New NHS chief: Advanced nurses key to future of NHS care
The new chief executive of NHS England has said he wants to “accelerate the redesign of care delivery” and change traditional staffing models to include more senior nurses.
In one of his first speeches since taking up the post in April, Simon Stevens said that while in some cases services needed to be concentrated, he believed in others they could be redesigned to make facilities such as district general hospitals more viable.
Speaking at the NHS Confederation NHS management conference in Liverpool he said he wanted to “accelerate the redesign of care delivery… Rather than constantly debating the reorganisation of our management tiers, let’s now ask the more profound questions about how care is actually being delivered”.
Mr Stevens, who spent 10 years running international health insurance giant UnitedHealth before taking up his current role, said the NHS needed to “tear up” silos between primary, secondary and community services and rethink why things are done in the way they are.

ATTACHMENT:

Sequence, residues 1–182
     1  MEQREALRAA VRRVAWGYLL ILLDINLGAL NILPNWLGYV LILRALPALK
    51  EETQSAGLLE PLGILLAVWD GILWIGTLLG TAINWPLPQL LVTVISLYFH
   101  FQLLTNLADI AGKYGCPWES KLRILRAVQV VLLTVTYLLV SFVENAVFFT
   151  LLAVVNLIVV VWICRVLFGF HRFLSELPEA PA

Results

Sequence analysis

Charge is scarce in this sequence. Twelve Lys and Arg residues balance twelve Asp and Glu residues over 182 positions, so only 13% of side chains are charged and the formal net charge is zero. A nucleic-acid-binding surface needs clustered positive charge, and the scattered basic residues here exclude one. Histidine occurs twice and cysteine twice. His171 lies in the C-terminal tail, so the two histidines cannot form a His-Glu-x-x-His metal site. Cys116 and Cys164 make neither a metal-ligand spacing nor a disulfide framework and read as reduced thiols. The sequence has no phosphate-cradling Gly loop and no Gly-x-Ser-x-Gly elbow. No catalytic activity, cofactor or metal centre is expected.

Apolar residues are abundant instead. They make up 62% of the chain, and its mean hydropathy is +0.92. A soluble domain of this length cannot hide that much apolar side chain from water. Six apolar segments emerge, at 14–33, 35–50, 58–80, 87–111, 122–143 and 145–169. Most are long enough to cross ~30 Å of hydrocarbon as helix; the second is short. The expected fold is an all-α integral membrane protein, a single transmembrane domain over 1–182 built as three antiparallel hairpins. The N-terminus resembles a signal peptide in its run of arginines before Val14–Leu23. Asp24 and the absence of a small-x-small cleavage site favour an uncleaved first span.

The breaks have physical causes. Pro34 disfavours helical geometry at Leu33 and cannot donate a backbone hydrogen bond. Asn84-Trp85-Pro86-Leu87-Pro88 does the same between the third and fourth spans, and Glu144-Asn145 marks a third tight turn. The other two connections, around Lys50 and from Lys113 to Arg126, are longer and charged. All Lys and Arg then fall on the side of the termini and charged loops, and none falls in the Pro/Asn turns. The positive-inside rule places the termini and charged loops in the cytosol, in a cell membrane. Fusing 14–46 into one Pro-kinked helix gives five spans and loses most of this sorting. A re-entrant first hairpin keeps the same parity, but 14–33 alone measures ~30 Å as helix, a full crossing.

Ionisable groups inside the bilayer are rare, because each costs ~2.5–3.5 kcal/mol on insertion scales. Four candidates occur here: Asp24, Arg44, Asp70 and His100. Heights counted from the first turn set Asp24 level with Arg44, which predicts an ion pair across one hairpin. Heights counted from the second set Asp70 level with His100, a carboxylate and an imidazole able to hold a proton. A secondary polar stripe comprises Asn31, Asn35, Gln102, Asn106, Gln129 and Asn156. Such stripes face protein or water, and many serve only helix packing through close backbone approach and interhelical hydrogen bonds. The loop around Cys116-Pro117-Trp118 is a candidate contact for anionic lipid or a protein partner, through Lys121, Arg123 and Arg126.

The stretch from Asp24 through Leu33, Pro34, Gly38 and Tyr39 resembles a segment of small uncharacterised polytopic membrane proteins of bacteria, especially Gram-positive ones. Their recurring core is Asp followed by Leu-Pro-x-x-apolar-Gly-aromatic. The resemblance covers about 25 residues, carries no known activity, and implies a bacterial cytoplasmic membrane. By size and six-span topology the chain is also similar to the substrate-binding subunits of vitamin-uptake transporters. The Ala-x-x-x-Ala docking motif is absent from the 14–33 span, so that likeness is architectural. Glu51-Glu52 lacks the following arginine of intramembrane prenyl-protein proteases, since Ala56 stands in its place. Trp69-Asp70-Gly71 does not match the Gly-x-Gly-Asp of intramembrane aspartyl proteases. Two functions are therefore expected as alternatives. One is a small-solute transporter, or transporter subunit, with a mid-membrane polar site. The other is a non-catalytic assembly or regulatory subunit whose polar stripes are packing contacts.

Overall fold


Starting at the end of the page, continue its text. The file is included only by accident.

“I’ve been struck by certain features of how we organise care. While we tend to regard them as self-evident, they are in fact just contingent choices whose original rationale is now either forgotten, irrelevant or on balance unhelpful.”
He said existing staffing models should not be allowed to dictate how care is delivered if that is not in the best interests of patients.
“That’s why some would like to see more general physicians or ‘hospitalists’ working alongside consultant specialists. Together with advanced nurse practitioners, sessional GPs, and networked staffing arrangements with neighbouring trusts.”
His comments come as many smaller hospitals struggle to find enough doctors to staff services safely due to the trend for increasing sub-specialisation over recent years. Some organisations have argued this means they need to close services or merge with other organisations.
Mr Stevens added: “I am definitely not suggesting a wholesale reorganisation of medical training and staffing across England.
“What I am arguing is that medical training and staffing should not drive the wholesale reorganisation of district general hospitals across England.”